“Brethren, if a man is overtaken in any trespass, you who are spiritual restore such a one in a spirit of gentleness, considering yourself lest you also be tempted”
Restore such a one
Spiritually minded Christians should “restore” the Christian overtaken by sin. Secular Greek uses “restore” for setting broken bones or mending fishing nets (Matthew 4:21). The idea is to restore to the former good condition.
The idea of “restore” is not that we are to criticize fallen Christians for their sin but that they will criticize themselves. That is confession (1 Corinthians 11:31; 1 John 1:9). Criticism of others will not help them get back into fellowship. The true issue is whether they are critical of what they have done.
The present tense in the Greek indicates that we should make it a habit to restore fallen believers when we see them.
Christians are in the business of unscrambling scrambled eggs.
Fallen believers need mending, not tearing. They need restoration, not trampling. The objective is to restore them to an appropriate spiritual condition. We just go about the business of resetting broken spiritual bones.
“Now may the God of peace who brought up our Lord Jesus from the dead, that great Shepherd of the sheep, through the blood of the everlasting covenant, make you complete [restore] in every good work to do His will, working in you what is well pleasing in His sight, through Jesus Christ, to whom be glory forever and ever. Amen” (Hebrews 13:20-21).
Instead of bringing fallen people back to fellowship, some churches drive them farther away. They put them out of church so they lose contact with spiritual Christians. Instead of giving them help, we kick people while they are down. We treat them worse than the lost – worse than dirt. The only time it is justified to put people out of church is where there is implacability to God’s authority (1 Corinthians 5:1f).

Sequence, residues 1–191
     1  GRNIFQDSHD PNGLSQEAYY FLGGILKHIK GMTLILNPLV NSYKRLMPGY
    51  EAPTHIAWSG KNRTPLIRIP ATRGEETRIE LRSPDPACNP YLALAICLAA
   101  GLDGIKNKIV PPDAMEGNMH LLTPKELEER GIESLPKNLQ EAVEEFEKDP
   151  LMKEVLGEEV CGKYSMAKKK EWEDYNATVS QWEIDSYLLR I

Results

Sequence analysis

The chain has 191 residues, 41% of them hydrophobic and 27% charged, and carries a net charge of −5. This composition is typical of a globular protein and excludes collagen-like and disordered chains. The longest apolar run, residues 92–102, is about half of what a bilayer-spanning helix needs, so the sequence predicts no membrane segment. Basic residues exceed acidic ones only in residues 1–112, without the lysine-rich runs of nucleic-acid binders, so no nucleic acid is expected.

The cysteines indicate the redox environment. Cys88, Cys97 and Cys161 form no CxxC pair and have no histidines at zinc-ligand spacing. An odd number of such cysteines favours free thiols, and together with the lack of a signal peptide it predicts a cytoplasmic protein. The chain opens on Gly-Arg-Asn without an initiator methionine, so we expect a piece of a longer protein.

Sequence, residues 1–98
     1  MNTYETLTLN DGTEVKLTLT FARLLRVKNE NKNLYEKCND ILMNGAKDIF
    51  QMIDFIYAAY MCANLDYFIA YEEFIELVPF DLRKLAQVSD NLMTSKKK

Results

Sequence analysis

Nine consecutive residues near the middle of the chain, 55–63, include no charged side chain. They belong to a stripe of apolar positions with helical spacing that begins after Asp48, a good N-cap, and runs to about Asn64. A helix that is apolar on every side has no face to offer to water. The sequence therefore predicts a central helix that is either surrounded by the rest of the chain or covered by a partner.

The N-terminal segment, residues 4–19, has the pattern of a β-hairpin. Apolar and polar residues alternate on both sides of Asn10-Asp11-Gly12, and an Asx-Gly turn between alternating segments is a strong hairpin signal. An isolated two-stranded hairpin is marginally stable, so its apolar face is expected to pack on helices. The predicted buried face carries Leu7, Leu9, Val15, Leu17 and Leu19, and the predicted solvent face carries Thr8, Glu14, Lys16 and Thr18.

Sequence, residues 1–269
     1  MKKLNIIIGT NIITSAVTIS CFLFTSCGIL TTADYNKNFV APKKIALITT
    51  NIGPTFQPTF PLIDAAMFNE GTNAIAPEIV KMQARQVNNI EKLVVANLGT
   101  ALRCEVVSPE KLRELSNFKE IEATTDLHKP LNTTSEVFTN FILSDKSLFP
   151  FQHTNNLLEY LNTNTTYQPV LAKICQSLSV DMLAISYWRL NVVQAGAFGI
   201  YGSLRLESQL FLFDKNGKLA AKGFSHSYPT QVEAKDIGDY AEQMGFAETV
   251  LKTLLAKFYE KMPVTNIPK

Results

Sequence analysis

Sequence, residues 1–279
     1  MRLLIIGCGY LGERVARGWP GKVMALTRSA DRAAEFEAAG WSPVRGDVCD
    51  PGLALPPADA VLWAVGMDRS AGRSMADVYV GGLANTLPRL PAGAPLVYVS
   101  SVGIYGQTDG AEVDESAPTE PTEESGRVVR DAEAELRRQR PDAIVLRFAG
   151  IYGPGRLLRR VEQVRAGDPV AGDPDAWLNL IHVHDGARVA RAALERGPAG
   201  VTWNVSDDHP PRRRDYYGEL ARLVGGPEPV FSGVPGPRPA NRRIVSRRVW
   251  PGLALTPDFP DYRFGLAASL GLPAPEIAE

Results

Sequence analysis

Do you take the responsibility to restore fallen believers back into fellowship? Many view this as an invasion of privacy but this is not a privacy issue when it comes to the family of God. Family members have the right to address concerns with one another.
Neither should a spiritual believer be overly sympathetic with a person out of fellowship. Empathy is one thing but sympathy is another. There is a delicate balance between being objectively critical on the one hand and overly subjectively sympathetic on the other. This is why God requires a spirit-filled believer to make these judgments.
If someone sins in an area where we are not weak, we might be tempted to be overly censorious with him or her. Some of us get a strange sense of elation by looking down our noses at a fallen believer because we have a particular strength in that area. They make us look good. In doing this, we make ourselves susceptible to our fallen nature because we are not alert to our own peculiar vulnerabilities. It makes us feel good that we have not committed this sin.